Saturday, October 06, 2018

StLJN Saturday Video Showcase:
The music of Anthony Braxton

This week, let's check out some videos by multi-instrumentalist and composer Anthony Braxton, who will be making his St. Louis debut in a concert presented by New Music Circle this coming Monday, October 8 at St. Louis University's Xavier Hall.

He'll perform in a duo with harpist Jacqueline Kerrod, and then is scheduled to give a post-concert talk after the performance.

Though this will be his first gig ever in St. Louis (!), Braxton has been a major figure in creative music for the past half-century, first gaining wide attention for his groundbreaking 1969 solo recording For Alto and subsequent membership in the short-lived band Circle (with Chick Corea, Dave Holland, and Barry Altschul).

From there, he's gone on to create a huge catalog of music - literally hundreds of hours of recordings - ranging from free improvisations to distinctive, sometimes-skewed interpretations of jazz and popular standards, as well as hundreds of original works . Some have titles resembling math equations or cubist drawings (these days, to the relief of music journalists, he mostly just numbers them) and more recently, he's taken to writing music derived from highly specific compositional systems with names like Diamond Curtain Wall, Ghost Trance Music, and ZIM.

Given the range of Braxton's work and the length of his career, it's impossible even to begin to cover it all in a single blog post; indeed, it seems likely that his music will be the subject of considerable academic study in the future.

What we can do, though, is help you at least get acquainted with his music, starting with a couple of clips from early in his career, when he was still leading a band that at least superficially resembled a small jazz combo, followed by some performances from the past decade using some of the ideas he's developed for the 21st century.

The first clip up above shows Braxton with the first band he put together after the demise of Circle (because Corea had gone off to form Return to Forever). It included trumpeter Kenny Wheeler plus Holland on bass and Altschul on drums. Here, they're playing Braxton's "Composition 40M," as recorded in July 1975 at the Montreux Jazz Festival.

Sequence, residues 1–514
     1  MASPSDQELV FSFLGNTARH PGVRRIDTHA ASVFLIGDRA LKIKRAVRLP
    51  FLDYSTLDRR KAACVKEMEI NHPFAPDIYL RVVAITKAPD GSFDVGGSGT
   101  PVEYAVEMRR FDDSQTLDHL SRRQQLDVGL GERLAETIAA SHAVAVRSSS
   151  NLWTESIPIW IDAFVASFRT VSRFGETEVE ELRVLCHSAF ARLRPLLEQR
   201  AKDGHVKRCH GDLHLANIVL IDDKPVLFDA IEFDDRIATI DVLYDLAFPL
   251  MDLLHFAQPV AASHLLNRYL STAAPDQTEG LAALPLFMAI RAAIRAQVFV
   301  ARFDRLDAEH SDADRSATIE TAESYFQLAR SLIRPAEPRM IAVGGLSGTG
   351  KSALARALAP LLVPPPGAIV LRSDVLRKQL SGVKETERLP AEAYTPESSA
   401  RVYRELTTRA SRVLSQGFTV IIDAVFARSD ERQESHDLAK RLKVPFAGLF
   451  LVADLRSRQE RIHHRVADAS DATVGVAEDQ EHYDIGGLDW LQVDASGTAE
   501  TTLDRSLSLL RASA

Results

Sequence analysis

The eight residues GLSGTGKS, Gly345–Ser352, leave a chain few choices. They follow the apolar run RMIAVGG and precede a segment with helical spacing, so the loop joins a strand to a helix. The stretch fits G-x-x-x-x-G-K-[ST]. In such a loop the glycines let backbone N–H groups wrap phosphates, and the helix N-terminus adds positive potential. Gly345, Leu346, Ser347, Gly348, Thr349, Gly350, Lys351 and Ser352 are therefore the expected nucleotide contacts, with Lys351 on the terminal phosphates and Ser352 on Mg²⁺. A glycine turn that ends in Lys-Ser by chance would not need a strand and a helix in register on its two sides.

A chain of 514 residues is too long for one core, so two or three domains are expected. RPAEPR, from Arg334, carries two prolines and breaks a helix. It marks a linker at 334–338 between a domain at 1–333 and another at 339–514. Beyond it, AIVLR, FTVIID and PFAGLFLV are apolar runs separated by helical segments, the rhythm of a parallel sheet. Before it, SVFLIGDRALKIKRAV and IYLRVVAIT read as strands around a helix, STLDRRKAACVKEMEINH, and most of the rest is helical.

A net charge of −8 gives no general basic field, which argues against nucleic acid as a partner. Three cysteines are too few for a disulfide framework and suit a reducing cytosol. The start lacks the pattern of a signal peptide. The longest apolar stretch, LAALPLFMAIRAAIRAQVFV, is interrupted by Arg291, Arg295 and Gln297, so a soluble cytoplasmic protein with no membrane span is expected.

After the jump, you can see Braxton offering his take on Coltrane's "Impressions," recorded in 1981 at the Woodstock Jazz Festival with Miroslav Vitous on bass, Corea on piano and Jack DeJohnette on drums.

Fast-forward to July 2008 for the third video, which features Braxton's Ghost Trance Septet performing his "Composition 348" at the San Sebastian Jazz Festival in Spain. The leader/composer is on various reeds, along with Taylor Ho Bynum (cornet, flugelhorn), Jessica Pavone (viola), Chris Dahlgren (bass, cello), Aaron Siegel (drums, percussion, vibes), Mary Halvorson (guitar), and Jay Rozen (tuba).

Next up is a a recording of the Braxton's 12+1Tet, made on October 13, 2012 at the Festival Internazionale di Musica Contemporanea in Venice, Italy. The piece is called "Composition 355," and it features Braxton, Bynum, Pavone, Halvorson, Rozen and Siegel, plus Ingrid Laubrock (alto sax, tenor sax), Andrew Raffo Dewar (soprano sax, tenor sax, clarinet), James Fei (alto sax, soprano sax, sopranino sax), Sarah Schoenbeck (bassoon, shenai), Reut Regev (trombone), Erica Dicker (violin, baritone violin), and Carl Testa (bass, bass clarinet).

That's followed by a set of just Braxton, Halvorson and Bynum, aka the Diamond Curtain Wall Trio, recorded in January 2015 at Jazzhouse in Copenhagen, Denmark, and one from Braxton's ZIM Sextet, featuring many of the same musicians mentioned above, recorded in 2017 at the Moers Festival in Germany.

The final video is a nearly hour-long interview with Braxton, done in 2013 by percussionist Gerry Hemingway, who toured and recorded with Braxton in the 1980s and 90s.

For more about Anthony Braxton, read the interview with him done by trumpeter and Sound American editor/founder Nate Wooley and published in 2014 by Bomb magazine; the 2016 feature article about him from Red Bull Music Academy; and the recently published guide to his discography from Bandcamp Daily.

You can see the rest of today's videos after the jump...

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